The University of Vermont Medical Center is in the midst of negotiations for a new contract with the Vermont Federation of Nurses and Health Professionals, the union representing our 1,825 nurses.
Since the union was formed in 2002, we have been able to reach agreement each time by coming together based on mutual respect for one another and a commitment to our patients and their families.
You may have heard that our nurses’ union recently voted to authorize a strike, which they may or may not act upon. I continue to believe a strike is not necessary. We have several bargaining sessions scheduled before the contract expires on July 9. To me, the most appropriate next step is to remain at the bargaining table.
We started these negotiations by identifying key areas we wanted to address in order to build on our efforts to enhance the care we provide to our patients and families. In fact, many of these issues are ones we’ve been working on diligently and will continue to address for years to come.
Across the nation, hospitals struggle to fill nursing vacancies. While our vacancy and turnover rates are on par with similarly sized health care organizations, we must continue to find new and innovative ways to attract and retain skilled nurses and staff at all levels.
We’ve created 120 new patient care positions since October 2016, hiring a total of 754 nurses and staff since then to address this challenge.
As part of these negotiations, we’ve proposed a new and more inclusive way to evaluate and make recommendations on staffing plans on an ongoing basis – the creation of staffing collaboratives that will engage those closest to patient care, including nurses.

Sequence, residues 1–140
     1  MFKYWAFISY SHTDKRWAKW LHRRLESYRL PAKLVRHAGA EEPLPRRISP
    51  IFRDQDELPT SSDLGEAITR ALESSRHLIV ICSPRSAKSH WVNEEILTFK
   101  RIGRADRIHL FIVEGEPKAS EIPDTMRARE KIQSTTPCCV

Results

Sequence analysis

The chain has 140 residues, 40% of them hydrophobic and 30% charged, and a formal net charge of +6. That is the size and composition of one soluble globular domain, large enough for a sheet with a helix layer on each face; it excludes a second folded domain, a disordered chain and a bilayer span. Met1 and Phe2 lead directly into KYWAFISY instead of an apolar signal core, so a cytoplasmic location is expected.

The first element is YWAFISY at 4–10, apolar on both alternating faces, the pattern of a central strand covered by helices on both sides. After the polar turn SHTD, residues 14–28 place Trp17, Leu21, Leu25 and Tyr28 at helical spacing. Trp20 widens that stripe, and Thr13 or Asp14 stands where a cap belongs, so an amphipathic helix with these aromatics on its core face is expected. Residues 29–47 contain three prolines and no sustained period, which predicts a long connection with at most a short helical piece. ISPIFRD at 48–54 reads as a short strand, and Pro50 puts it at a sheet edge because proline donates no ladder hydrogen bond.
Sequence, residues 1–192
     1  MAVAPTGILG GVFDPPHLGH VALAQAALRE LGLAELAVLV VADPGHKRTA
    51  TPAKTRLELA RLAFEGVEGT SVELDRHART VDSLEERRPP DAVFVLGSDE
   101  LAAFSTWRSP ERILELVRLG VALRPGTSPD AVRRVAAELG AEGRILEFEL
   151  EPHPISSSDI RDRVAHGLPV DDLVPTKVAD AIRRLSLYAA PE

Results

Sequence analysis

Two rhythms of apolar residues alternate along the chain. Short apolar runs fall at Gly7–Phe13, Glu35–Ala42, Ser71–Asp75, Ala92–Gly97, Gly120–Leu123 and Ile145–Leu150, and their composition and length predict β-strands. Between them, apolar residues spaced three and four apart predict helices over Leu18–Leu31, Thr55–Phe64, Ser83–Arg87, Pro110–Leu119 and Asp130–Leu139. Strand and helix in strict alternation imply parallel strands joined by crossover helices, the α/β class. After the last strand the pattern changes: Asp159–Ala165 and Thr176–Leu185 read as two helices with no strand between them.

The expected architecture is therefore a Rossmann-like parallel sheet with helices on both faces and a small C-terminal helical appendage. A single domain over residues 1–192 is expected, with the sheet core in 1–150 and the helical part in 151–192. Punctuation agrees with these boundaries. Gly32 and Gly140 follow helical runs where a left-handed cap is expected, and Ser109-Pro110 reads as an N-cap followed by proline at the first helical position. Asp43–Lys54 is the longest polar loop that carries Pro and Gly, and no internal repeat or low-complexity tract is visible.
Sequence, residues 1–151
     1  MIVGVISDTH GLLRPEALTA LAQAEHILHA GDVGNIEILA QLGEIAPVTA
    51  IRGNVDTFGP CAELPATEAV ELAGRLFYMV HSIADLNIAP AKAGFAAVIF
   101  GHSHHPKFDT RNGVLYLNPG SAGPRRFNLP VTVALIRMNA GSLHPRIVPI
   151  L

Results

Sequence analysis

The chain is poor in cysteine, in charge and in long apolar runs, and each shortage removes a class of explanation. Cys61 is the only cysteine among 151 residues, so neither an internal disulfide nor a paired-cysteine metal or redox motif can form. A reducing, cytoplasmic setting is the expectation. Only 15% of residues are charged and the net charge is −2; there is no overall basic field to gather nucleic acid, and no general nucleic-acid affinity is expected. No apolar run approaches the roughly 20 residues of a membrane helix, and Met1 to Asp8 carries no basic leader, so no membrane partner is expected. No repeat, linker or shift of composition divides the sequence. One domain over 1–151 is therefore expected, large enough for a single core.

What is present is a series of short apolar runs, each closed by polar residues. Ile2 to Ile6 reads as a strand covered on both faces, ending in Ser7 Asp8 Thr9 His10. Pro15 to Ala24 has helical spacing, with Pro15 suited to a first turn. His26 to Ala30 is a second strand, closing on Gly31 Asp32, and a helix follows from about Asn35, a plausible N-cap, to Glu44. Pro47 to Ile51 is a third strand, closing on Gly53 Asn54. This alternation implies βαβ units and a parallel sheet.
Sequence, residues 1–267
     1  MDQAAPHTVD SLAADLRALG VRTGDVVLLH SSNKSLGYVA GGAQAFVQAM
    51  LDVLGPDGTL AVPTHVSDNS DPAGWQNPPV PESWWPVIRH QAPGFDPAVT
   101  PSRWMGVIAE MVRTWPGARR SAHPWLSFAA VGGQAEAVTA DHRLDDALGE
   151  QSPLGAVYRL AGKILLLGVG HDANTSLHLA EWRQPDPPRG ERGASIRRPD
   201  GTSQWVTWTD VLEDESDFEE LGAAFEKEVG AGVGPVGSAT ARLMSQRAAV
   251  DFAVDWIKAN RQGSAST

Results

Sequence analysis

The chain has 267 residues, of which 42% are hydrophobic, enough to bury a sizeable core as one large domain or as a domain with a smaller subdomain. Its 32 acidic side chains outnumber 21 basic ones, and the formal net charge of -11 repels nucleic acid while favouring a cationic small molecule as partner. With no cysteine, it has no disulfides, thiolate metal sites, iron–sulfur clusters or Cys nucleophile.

With regard to wages, the union is proposing a 28.5 percent wage increase over three years. Our most recent proposal includes a 7 percent wage increase over three years, with additional increases up to 11 percent for some positions.
We propose to raise the salaries of ambulatory (outpatient) nurses to the same level of inpatient nurses, which could increase their pay an additional 10 to 13 percent. We believe this is the right thing to do to create greater pay equity among our nurses. We also propose significant changes to compensation for advance practice registered nurses (also known as APRNs or nurse practitioners), which will result in increases ranging from 10 to 18 percent.
We have work to do to iron out our differences. In the event the union does go out on strike, we will be ready. Our commitment is to take the steps necessary to ensure our patients continue to receive the highest level of care no matter what. If there is a strike, we will welcome our nurses who do not wish to strike to come to work.
As a nurse myself, I know how hard our providers work and how essential their role is in delivering the care our patients and families deserve. I care deeply about reaching agreement with our nurses’ union and am working closely with our negotiating team toward that end. I am grateful for the continued support of the community, the character and spirit of every member of the team, and the confidence our patients place in us.
We will not let you down.
Eileen Whalen, RN, MHA, is president and chief operating officer of University of Vermont Medical Center